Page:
"There's this challenge, this kind of a gap, between what people know they want to do, and reasonably the stuff their character can do, but they actually have to be fluent enough with the controls to be able to do that," he says. "[Players] can be a bit schizophrenic in that power dynamic. So, the game is almost saying, 'You have to be very careful, don't take a lot of risks.' But to become fluent in the game's systems and the controls and all that stuff, you kinda have to be pretty experimental and take a lot of risks." The result is a kind of pervasive tension, Anderson believes, that stealth detractors don't tolerate.
Mark of the Ninja is an explicit game, though not just in the sense of letting you shove a sword through an unsuspecting man's just-as-unsuspecting ribcage. Klei is taking the 3D model, exemplified by genre classics like Splinter Cell, and flattening it into a 2D game that's easy to decipher and predict. That isn't to say the entire world is laid bare; there's still a cautionary fog obscuring the places you haven't seen, and the rooms you haven't glimpsed through the crack of a door or vent. But there are ways to learn without committing to a dangerous space, and visual cues that reveal the consequences of your actions – before you've even done them.
Your footsteps emit a sonar-like circular pulse, showing you exactly where "earshot" begins and ends. Run faster and your 2D aura of projected audio grows larger, and more likely to absorb attentive enemies. The visualization of your movement is a tool in your arsenal, every bit as useful as your throwing knives or grappling hook. And before you let those weapons fly, you can literally see how loud and noticeable their impact will be. "Really precise aiming in 2D is actually very rare and not common," says Anderson. "In most 2D shooting games, you just use your previous shot as a tracer for your next shot. That totally works, but when one missed shot basically means, 'Oops, a guy detects me and then I'm dead,' we can't really do that."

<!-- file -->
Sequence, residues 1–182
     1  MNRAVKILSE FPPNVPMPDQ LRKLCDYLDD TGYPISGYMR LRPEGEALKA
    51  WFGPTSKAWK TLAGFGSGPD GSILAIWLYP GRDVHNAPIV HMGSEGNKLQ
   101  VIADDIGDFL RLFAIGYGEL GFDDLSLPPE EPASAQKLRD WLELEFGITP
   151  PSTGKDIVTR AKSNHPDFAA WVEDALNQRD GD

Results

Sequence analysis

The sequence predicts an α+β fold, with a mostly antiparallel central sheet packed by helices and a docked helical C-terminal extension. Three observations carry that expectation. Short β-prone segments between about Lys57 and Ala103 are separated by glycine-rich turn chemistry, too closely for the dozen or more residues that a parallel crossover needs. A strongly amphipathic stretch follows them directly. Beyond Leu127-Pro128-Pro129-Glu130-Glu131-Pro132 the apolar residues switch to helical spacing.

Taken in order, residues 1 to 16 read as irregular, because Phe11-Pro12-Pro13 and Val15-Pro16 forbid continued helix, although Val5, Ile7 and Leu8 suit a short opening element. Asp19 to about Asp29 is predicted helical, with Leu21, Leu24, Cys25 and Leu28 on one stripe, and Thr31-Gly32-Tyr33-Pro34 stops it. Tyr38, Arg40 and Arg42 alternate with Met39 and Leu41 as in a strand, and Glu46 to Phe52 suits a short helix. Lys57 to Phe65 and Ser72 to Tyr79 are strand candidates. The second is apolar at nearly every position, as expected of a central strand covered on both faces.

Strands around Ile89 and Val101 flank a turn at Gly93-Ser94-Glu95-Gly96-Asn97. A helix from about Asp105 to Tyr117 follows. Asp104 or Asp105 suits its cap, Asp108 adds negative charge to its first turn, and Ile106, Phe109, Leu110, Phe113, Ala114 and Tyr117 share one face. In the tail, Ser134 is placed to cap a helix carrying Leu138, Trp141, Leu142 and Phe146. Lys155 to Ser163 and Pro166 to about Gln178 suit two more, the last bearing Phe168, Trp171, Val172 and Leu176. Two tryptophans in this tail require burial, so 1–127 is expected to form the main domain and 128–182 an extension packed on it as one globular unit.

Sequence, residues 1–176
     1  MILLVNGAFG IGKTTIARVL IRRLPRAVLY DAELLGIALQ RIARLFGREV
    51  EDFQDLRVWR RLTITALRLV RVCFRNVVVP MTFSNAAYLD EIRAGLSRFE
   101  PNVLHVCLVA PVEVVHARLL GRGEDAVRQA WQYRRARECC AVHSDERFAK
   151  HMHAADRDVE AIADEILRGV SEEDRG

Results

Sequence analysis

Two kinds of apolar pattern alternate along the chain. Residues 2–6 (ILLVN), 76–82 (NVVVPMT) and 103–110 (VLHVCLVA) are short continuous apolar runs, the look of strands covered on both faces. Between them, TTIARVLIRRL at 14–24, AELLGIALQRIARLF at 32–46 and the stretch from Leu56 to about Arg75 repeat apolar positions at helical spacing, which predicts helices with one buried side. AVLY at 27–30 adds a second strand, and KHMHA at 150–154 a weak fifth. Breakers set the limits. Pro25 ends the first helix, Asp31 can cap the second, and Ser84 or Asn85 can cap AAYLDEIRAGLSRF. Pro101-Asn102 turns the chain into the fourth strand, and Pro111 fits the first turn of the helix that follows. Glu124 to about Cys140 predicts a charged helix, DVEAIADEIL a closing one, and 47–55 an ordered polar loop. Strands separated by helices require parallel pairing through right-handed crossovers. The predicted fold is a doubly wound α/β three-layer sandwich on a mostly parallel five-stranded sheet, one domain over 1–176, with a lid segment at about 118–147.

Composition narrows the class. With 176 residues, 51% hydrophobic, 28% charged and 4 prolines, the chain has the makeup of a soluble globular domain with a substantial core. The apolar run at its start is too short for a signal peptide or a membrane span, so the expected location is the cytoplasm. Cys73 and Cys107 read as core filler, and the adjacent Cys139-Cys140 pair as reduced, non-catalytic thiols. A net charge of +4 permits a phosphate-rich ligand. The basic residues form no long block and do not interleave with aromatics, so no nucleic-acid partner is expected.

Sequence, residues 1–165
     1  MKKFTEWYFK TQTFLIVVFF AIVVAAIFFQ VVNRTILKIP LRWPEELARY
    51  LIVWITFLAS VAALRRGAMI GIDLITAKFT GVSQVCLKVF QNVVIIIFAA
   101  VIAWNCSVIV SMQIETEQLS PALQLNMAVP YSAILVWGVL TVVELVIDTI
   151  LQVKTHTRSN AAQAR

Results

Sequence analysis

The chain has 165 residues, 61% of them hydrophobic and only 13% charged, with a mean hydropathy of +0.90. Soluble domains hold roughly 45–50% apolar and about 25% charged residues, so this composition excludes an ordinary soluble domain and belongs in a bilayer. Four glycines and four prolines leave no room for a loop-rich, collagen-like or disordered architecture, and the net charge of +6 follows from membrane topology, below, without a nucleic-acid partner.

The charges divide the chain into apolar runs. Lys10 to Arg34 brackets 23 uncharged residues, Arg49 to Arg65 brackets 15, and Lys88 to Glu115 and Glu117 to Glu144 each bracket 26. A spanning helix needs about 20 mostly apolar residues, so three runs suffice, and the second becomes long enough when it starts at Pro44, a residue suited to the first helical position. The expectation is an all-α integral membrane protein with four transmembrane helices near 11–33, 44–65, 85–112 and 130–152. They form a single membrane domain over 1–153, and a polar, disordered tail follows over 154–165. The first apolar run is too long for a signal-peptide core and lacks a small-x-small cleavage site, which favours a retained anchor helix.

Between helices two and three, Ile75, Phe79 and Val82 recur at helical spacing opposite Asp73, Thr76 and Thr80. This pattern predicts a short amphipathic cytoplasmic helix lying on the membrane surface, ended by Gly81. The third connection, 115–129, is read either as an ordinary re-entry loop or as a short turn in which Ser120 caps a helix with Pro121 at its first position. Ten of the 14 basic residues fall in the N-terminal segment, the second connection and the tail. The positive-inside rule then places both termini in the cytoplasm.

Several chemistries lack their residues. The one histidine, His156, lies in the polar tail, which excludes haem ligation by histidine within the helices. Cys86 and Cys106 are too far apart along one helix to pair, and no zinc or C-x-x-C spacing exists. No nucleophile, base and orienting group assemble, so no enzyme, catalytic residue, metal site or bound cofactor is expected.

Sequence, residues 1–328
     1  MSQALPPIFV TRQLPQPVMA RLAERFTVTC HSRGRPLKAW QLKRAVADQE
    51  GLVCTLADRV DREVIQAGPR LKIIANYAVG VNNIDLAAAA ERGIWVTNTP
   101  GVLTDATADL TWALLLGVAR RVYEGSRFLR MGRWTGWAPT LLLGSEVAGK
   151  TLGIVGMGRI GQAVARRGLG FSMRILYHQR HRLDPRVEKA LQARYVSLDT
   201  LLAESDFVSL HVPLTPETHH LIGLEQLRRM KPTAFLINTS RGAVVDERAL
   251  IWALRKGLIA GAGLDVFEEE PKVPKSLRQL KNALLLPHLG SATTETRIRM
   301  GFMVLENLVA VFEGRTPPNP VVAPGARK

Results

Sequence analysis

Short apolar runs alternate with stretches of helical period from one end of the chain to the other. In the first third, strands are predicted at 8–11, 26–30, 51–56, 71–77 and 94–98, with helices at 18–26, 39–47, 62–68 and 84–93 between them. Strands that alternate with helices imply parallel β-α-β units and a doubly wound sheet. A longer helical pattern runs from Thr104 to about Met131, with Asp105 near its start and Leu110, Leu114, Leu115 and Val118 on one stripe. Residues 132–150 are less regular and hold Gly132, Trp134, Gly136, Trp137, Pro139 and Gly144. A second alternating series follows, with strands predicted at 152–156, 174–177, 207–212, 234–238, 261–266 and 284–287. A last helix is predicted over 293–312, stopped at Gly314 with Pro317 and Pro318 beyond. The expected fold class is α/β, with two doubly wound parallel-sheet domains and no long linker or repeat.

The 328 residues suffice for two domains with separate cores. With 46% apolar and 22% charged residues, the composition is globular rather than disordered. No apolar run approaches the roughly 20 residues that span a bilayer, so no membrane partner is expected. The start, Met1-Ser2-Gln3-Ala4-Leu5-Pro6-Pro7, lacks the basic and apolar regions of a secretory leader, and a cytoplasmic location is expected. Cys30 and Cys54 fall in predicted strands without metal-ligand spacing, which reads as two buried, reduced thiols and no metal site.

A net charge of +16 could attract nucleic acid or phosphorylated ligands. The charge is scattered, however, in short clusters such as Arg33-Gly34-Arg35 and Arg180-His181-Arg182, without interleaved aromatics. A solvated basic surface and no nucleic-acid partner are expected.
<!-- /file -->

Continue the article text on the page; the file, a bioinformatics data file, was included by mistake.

What the game can do is let you put the whole world on pause and wait for you to line up a string of actions – shatter a lightbulb here and swing to a ledge over there – in a sort of pre-bullet time. (Of course, you're welcome to invite an additional layer of finger gymnastics and play in real time once you've gotten the hang of it.) Security guards, with their mundane jobs providing convenient video game patterns, still make ideal foils for such a nimble ninja, but even here there's a reduction in mystery. Much like Metal Gear Solid
's top-down radar, Mark of the Ninja
turns every enemy's field of vision into an on-screen spotlight. Being caught in that cone doesn't necessarily mark the end so much as a hasty escape or an ill-advised brawl.
I thought the abundance of outlines threatened to make this an easy game, but my early takeaway is that your actions are easier to read, predict and eventually master. Understanding how the game and its systems work shouldn't remove the danger, just the "gotcha" of trial-and-error learning. "Even though we try to make things very clear and very explicit," Anderson says, "we still want to facilitate people being able to be experimental and feel that they can safely take risks, without giant chunks of their progress being held hostage."
There's a simpler but more logical basis to the stealth, which I hope will draw more people into one of my favorite genres. I've always been happy to watch, wait, and ghost my way through stealth games, however, so I could be wrong in predicting Mark of the Ninja
's reception amongst a less patient audience. I suppose I'll have to share my best guess in a review of the game alongside its launch on Friday, September 7.